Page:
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JOURNAL OF RESEARCH of the Notional Bureau of Standards - A. Physics and Chemistry Vol. 77A, No.3, May-June 1973

Crystallization of Random Copolymers

Isaac C. Sanchez* and R. K. Eby

Institute for Materials Research, National Bureau of Standards, Washington, D.C. 20234

(January 18, 1973)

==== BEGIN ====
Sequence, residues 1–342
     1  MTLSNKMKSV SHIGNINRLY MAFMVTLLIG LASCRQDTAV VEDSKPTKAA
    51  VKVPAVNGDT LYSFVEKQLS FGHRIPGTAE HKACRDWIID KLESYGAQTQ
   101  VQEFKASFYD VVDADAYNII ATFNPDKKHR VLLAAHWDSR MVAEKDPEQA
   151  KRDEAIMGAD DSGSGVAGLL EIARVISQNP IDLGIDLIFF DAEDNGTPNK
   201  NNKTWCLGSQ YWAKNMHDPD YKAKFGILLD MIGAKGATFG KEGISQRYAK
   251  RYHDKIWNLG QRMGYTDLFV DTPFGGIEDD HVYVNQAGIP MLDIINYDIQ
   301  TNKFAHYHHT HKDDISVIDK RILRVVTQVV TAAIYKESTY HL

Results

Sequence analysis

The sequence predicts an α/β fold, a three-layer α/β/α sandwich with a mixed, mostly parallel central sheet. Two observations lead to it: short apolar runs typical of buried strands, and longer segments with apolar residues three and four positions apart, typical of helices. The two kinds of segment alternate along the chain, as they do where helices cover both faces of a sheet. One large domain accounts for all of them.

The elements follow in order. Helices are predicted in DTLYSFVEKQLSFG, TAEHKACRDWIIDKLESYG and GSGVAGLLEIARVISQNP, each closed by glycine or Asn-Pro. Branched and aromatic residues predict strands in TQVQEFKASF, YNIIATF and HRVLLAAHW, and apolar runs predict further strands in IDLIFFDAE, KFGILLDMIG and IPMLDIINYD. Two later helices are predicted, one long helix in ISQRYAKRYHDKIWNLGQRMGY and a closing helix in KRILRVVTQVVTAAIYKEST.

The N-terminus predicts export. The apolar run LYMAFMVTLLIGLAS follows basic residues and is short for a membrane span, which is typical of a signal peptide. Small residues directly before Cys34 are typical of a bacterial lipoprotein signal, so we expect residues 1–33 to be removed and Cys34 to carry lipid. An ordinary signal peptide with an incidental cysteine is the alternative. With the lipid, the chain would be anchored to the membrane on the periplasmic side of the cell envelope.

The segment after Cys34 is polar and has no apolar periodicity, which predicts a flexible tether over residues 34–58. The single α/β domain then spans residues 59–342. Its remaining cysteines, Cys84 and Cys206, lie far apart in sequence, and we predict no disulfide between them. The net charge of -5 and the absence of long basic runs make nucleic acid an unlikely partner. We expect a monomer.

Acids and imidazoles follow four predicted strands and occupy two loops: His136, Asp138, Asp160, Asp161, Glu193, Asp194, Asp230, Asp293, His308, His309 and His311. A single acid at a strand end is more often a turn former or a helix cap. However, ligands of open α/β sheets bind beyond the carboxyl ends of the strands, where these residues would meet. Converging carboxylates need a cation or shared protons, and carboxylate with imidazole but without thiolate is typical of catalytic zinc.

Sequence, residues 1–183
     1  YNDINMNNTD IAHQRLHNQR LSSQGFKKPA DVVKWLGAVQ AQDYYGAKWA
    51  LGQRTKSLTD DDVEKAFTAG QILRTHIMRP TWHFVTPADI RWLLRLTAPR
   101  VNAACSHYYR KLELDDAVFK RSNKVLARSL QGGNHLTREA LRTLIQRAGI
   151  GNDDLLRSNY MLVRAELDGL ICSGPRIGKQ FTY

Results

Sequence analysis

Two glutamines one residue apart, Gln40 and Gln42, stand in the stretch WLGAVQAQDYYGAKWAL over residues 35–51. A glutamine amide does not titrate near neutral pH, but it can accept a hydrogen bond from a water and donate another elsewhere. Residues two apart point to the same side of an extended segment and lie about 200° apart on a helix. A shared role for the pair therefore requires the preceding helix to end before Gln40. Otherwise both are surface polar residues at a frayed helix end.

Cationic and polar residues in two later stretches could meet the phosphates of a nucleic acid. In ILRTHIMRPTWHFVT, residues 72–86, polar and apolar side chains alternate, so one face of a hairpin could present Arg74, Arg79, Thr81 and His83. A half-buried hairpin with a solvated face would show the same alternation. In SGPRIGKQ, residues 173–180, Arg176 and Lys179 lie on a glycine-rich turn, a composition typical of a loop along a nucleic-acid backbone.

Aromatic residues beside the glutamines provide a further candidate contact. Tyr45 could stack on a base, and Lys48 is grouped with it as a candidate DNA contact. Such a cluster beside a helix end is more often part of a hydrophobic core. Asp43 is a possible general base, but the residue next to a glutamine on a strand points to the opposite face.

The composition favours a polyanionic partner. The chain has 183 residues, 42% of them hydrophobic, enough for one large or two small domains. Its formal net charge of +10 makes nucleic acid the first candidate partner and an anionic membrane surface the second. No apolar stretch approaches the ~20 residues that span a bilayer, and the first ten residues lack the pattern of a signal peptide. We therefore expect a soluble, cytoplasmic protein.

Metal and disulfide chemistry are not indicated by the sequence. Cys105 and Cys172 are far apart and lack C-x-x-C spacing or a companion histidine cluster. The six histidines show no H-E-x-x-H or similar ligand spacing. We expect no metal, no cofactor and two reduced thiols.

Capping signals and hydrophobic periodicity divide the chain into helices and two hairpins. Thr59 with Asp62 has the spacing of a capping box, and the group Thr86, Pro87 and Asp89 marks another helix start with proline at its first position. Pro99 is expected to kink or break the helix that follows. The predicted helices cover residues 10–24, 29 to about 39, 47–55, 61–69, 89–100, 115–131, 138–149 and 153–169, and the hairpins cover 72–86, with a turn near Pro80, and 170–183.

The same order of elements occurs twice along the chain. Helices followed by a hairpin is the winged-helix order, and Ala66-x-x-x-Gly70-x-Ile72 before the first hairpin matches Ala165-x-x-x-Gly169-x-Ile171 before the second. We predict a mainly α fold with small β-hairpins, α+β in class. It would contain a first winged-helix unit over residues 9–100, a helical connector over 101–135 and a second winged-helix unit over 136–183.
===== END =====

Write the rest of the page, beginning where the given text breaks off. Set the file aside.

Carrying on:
A theory of crystallization is formulated for random copolymers which crystallize with the non- crystallizable co-units incorporated into the crystalline lattice as defects. The appropriate melting point equation and other associated thermodynamic properties are derived for this model as a function of crystal thickness and comonomer concentration. The formation of lamellar type morphology is assumed to be a kinetically determined phenomena and nucleation theory is utilized accordingly. The isothermal lamella thickness is predicted to increase in a definitive manner as the noncrystallizable comonomer concentration X increases, while the associated isothermal growth rate is predicted to decrease. The variation of lamella thickness with X when the copolymer is quenched or cooled at a uniform rate is also qualitatively predicted. Under these conditions lamella thickness decreases with increasing X, which is in accord with previous experimental observations on random copolymers of tetrafluoroethylene and hexafluoropropylene as well as other random copolymers. Theory also suggests how the surface free energy parameters (T e and (T can be d~termined from isothermal crystallization experiments for a series of random copolymers of varying composition.